SINGAPORE: An employee sought help on social media after his employer “only allowed him to carry forward his 2023 leaves to the end of February 2024.”

Expressing his frustration on the r/askSingapore platform on Thursday (April 4), he explained: “how his employment contract explicitly stated that he could carry forward any unused annual leave to the subsequent year, with the provision that any remaining leave not utilized within the following calendar year would be forfeited.”

However, his employer decided he could only use the remaining leaves until the end of February.

The employee also mentioned that he had conducted thorough research and discovered on the Ministry of Manpower’s official website that if an employer breaches a clause on the contract, either party—employee or employer—holds the right to terminate the contract without providing notice.

He then shared, “I have also informed my HR and she said that she will check with the boss and ‘make some changes’ and I was like ‘contract how can suddenly edit one, I already signed it when I first joined’.”

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Feeling cornered by the situation, the employee raised the pressing inquiry of whether he could legitimately resign without notice and without being obligated to provide compensation in lieu of notice.

“A breach of contract means you can terminate and leave the company but the better option would be to work things out with your company”

In the comments section, Singaporean Redditors discouraged the man from resigning and suggested he try to resolve the issue with his employers instead.

One individual said, “A breach in contract means you can terminate and leave the company but the better option would be to work things out with your company. Do you really want to burn your bridges this way.”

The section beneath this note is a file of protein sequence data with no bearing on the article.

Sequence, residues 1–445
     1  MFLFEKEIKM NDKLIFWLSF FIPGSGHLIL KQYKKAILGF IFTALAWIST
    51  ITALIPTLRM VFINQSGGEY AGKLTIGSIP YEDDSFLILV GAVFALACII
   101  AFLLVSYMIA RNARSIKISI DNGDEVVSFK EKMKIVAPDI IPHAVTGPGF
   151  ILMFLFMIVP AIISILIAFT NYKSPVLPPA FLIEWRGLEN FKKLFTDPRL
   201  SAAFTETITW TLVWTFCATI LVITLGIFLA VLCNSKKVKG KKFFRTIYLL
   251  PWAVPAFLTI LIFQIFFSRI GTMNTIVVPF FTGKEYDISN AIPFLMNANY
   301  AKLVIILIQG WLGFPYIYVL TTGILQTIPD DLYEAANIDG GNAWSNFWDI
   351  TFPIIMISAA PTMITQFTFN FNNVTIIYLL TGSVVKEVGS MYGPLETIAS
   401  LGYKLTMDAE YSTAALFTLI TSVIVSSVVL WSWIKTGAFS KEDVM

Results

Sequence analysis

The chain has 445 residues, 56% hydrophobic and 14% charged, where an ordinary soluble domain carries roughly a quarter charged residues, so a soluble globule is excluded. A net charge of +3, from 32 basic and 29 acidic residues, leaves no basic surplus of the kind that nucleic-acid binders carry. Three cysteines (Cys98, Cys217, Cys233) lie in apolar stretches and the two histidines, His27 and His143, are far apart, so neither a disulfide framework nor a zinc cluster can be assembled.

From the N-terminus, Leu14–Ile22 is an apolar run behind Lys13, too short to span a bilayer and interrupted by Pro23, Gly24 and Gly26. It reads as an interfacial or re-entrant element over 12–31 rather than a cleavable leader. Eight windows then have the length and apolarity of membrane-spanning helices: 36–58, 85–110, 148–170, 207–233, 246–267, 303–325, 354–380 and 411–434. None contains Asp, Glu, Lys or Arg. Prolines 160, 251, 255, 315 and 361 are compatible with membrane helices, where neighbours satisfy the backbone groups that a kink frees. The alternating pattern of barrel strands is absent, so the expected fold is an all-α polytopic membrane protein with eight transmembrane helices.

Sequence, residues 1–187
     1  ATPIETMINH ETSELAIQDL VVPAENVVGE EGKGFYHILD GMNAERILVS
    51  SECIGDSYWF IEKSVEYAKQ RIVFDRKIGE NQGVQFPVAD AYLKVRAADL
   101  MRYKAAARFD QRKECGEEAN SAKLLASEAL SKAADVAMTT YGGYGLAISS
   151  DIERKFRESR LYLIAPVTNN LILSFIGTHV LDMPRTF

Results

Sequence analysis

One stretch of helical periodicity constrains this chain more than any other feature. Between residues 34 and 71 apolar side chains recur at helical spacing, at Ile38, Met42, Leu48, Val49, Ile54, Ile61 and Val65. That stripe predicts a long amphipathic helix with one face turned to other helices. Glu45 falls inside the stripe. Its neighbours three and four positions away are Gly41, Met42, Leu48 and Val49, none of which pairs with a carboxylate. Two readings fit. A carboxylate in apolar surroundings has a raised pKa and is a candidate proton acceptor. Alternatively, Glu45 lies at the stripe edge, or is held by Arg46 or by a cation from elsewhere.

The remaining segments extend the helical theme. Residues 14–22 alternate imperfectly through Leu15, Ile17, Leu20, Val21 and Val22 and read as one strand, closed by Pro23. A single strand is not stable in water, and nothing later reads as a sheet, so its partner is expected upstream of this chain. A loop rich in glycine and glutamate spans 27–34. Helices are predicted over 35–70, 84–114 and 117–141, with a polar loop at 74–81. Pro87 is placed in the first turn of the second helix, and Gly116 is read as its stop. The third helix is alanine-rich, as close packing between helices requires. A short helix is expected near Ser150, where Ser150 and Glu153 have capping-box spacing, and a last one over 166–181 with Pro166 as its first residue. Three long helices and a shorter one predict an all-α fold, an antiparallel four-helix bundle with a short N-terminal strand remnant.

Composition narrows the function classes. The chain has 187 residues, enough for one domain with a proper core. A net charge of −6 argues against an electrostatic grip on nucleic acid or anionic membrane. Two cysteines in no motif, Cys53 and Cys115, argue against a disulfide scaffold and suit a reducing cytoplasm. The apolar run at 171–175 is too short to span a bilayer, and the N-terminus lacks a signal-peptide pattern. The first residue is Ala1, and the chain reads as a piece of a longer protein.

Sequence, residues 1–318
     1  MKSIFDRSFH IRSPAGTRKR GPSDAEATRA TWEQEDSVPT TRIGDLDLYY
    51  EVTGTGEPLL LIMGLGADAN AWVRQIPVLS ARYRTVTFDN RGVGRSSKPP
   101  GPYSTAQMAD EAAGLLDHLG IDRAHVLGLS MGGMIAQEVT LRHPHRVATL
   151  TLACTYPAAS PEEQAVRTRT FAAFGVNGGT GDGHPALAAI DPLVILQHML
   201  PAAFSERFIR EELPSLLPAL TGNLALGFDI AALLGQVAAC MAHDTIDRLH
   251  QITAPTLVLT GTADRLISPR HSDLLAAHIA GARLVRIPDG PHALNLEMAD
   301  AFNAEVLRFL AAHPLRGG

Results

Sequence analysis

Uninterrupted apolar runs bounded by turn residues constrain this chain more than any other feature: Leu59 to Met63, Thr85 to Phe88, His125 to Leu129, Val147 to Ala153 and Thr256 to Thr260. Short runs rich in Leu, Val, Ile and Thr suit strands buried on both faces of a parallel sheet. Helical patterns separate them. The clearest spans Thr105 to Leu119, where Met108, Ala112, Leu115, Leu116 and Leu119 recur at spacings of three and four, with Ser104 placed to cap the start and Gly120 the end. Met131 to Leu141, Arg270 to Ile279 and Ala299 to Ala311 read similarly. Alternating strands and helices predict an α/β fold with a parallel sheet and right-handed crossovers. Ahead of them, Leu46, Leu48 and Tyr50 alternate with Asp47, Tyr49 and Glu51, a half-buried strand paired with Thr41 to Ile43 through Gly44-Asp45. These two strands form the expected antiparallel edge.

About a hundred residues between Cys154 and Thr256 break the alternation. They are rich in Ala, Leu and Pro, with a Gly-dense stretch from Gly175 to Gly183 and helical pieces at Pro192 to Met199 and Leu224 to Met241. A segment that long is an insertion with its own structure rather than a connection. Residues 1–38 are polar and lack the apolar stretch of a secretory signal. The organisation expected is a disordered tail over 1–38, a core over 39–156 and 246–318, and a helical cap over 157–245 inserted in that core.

While another commented, “Maybe just a misunderstanding? Speak to the boss and ask. ‘My contract/company policy says X, you mentioned Y. Was there an update this, that I might have missed?’”

A third individual also shared his experience regarding changing the terms of contract, saying, “If they change the contract then u will need to sign again. Just don’t sign it no matter what.

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My ex-company once changed the notice period to 2 months from 1 month and told everyone to sign. No one signed and it remained at 1 month, lol.”

Some Redditors also mentioned that some contracts often include a clause stating that employee handbooks or HR policies can override the contract.

This means that if HR wants to modify a policy, they can do so without updating every individual contract, even for employees who have been with the company for decades.

One individual advised, “So check your employee handbook and HR website/ policies as well.”

What does MOM say? Can employers change the terms of the contract?

According to the Ministry of Manpower, employers can change the terms of the contract with the employee’s consent.

When terms need to be changed, both parties should discuss finding a solution that works for everyone, balancing what the business needs and what the employee cares about.

Once the revised terms are finalized, a new contract outlining these changes should be signed to avoid any potential misunderstandings or disagreements.

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If consensus cannot be reached, either party can provide notice and terminate the employment agreement.

Read also: Employee says, “My employer refuses to pay the last month’s salary despite me giving 3-month resignation notice”

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